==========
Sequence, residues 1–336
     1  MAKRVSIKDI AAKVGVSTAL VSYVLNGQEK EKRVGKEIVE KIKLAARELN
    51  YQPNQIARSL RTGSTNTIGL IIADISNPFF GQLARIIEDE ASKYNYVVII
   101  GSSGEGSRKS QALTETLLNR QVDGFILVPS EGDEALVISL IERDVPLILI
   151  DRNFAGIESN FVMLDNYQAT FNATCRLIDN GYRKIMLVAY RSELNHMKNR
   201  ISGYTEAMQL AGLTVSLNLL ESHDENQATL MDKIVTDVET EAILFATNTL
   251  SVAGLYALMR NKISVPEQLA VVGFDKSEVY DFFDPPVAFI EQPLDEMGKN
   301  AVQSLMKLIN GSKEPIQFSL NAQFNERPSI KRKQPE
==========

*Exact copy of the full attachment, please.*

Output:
Sequence, residues 1–336
     1  MAKRVSIKDI AAKVGVSTAL VSYVLNGQEK EKRVGKEIVE KIKLAARELN
    51  YQPNQIARSL RTGSTNTIGL IIADISNPFF GQLARIIEDE ASKYNYVVII
   101  GSSGEGSRKS QALTETLLNR QVDGFILVPS EGDEALVISL IERDVPLILI
   151  DRNFAGIESN FVMLDNYQAT FNATCRLIDN GYRKIMLVAY RSELNHMKNR
   201  ISGYTEAMQL AGLTVSLNLL ESHDENQATL MDKIVTDVET EAILFATNTL
   251  SVAGLYALMR NKISVPEQLA VVGFDKSEVY DFFDPPVAFI EQPLDEMGKN
   301  AVQSLMKLIN GSKEPIQFSL NAQFNERPSI KRKQPE